Late Muda Lawal


Mudasiru Agboluaje, aka Muda Lawal 

By Odolaye Aremu 

“I be Muda, I be Welder. I no dey play 4 before, na Father Tiko put me for 4. 
When he see say I dey good for 4, he come permanent me for 4” 

If you never saw him play live, either for his soccer club IICC Shooting Stars of Ibadan or the national team- The then Green Eagles, it’s an unpardonable infraction- the type that could haunt a curious mind till eternity. Close to missing the growing years of a child- it’s a grievous oversight for any decent parents to live with. 

The above statement purportedly credited to the late soccer dynamo, was widely abused in Ibadan. It was nevertheless attributed to the one and only late Muda Lawal. Whether he delivered the crude statement or not; in itself, an acquired impairment in erudition to outlandishly denote his illiterate status. He was a classic genius on the soccer field. 

He wore his Number 4 jersey with a fineness secondary only to his soccer skill. He was ruggedly handsome and bore a certain resemblance to the equally legendary Blackman Akeeb Kareem- the era’s folklore musician. His mustache was ever lush- and at different times contaminated, either with the thick coat of perspiration or the foam from the rich lather of Gulder- his premium lager beer of choice. Ever brimming with confidence for his relatively small frame. A lady killer by all means and a cheerful giver. He gave me an old jersey of his once, and I thought he gifted me with the universe! You see my friends….I grew up on a block where stars from various galaxies wantonly festered. They were flung far and wide- and entirely scattered around and about in a mile-radius within reasonable distance, Beverly Hills ought to be envious. Segun Odegbami, Tunde Bamidele, Muda, Dejo Fayemi, Dimeji Lawal, Funmilayo Ranco, Sunny Rosy, Dele Ojo, Yekini Tomori, Micho Ade and many more to count. 

Muda’s special skill was his dominance in the midfield. I am talking of a time when the central midfielder was the true equivalent of a Point-guard in Basketball. The soccer field was his alone. He fed everyone the ball. He could slow down the pace and notch-up the tempo as he deemed fit. His ball control was something to behold. His sight, covering the field was beyond superb. Seemed this marvel was a “Ball Whisperer”, for no loose ball ever missed him. 

To watch him completely numb an aerial ball midair was like watching a magician do the “Rabbit-trick”. Seemed he could counter the law of gravity as the soccer ball was concerned. I could still see him even now in a reel of vivid recall of the mind. He ran with his tongue slightly hanging out of his mouth, a dedicated hand covered at the wrist with a usually elastic fluffy white wristband. That hand bent at the wrist was a good indication of what foot he was going to either kick or trap the ball with. He surveyed the whole field in a quick sweep, like a veteran pickpocket getting ready to make a perfect move on a dumb mark. His eye contact with Segun Odegbami, Owolabi, Adegoke, Oyenuga or just about any available striker on the outside flanks snappily made. His body mechanics were cleverly designed to fake his outgoing messages. It’s the illusion of a tricky wind blowing one way, and the bunch of river reed tilting towards the opposite direction.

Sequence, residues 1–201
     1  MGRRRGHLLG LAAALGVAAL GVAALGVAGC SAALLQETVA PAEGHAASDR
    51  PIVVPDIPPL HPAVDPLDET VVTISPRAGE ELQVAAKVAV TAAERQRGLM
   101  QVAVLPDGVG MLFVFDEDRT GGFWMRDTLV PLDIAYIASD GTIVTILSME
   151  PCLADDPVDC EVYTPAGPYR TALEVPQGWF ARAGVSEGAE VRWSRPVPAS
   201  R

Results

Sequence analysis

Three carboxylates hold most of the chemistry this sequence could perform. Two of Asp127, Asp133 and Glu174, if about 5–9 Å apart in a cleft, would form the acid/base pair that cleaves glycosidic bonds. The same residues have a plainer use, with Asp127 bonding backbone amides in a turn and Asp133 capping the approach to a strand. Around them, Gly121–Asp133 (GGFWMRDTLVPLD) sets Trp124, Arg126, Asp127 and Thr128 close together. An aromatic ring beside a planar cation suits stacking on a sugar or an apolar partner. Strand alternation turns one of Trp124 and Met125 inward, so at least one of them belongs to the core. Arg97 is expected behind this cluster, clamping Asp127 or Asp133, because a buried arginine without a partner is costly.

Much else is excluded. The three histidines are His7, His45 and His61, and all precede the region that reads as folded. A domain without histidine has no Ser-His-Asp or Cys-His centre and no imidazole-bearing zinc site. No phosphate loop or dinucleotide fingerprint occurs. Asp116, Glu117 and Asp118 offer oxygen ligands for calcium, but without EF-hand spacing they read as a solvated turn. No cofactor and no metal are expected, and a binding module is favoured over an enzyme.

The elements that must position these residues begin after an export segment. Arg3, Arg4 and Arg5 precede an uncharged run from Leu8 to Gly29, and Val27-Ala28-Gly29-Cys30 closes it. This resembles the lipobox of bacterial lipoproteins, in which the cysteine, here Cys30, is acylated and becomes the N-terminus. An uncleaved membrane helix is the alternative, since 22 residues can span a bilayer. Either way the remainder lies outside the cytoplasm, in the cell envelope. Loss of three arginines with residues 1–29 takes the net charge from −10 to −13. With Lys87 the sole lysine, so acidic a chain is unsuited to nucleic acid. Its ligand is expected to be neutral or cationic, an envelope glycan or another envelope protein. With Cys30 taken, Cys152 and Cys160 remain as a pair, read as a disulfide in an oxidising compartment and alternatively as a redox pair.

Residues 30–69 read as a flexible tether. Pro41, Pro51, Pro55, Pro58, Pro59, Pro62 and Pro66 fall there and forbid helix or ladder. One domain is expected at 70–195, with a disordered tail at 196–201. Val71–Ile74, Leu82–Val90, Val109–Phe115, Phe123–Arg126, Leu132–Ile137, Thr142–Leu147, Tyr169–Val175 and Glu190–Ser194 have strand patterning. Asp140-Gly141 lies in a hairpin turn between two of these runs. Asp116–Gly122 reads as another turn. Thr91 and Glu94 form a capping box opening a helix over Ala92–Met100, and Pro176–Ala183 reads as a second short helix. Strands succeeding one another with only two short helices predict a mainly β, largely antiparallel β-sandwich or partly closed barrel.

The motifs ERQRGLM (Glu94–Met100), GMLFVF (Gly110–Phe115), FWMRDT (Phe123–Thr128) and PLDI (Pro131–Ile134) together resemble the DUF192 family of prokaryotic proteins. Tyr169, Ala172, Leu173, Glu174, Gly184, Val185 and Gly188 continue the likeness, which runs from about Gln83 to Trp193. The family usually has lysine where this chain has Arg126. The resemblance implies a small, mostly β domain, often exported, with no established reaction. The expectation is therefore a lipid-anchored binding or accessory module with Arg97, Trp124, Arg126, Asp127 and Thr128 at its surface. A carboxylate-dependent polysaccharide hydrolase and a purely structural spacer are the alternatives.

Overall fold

The physics of his body or his soccer acumen were all in a unique soccer brain and a pair of slightly bow-legs. Those legs gave him a gait that reeked of a reckless abandon- kids these days would nonsensically call a “Swagga.” Truly, his crablike locomotion was a huge soccer blessing in a crazy disguise. 

He moved on the field in a way too daunting to capture in a layman’s prose- it’s all buried within the magical intonation of ABRACADRA- you blinked; you missed the move: you snoozed, you simply lose! His free-kicks or what they now term “set-pieces” were headaches for goalies back then. The closest player to play on Muda’s level in those heady days, and much later was Henry Nwosu. Henry, probably had a slight edge as an entertainer- he was a master dribbler! Muda was however super-efficient as he was all about business. Oddly as a workhorse, “Haji Shiru” was a very “neat” player. I couldn’t possibly have the slightest recall of him ever gaining any infraction on the field of play. He was the dude to also come off the field with a clean uniform, like you just didn’t watch him complete a gruesome 90 and some additional measly injury minutes. He cleanly disengaged himself in pitch tussles with a special show of hands raised to the sides, palms slightly facing the upward or downward positions- as if to assure the opponent that he meant no harm, hence his jersey mustn’t be roughened! 

His smile was simply amazing. His face just as crazily appealing. He had an older boy on my block that followed him about like a loyal poodle. His room was just about a dedicated shrine to Muda Lawal. I envied Tunde Soneye to no end. But like everything else, even a full life must come to an end someday. A precocious kid must someday, somehow outgrow his adulation for a marvelous subject. It’s probably graceful that Muda died quite young- at just 37! His face unwrinkled, his small frame unbent to the rigors of old age and a very active life. Forever young, forever cool, forever unforgettable! 

*Odolaye Aremu is a public affairs analyst.  


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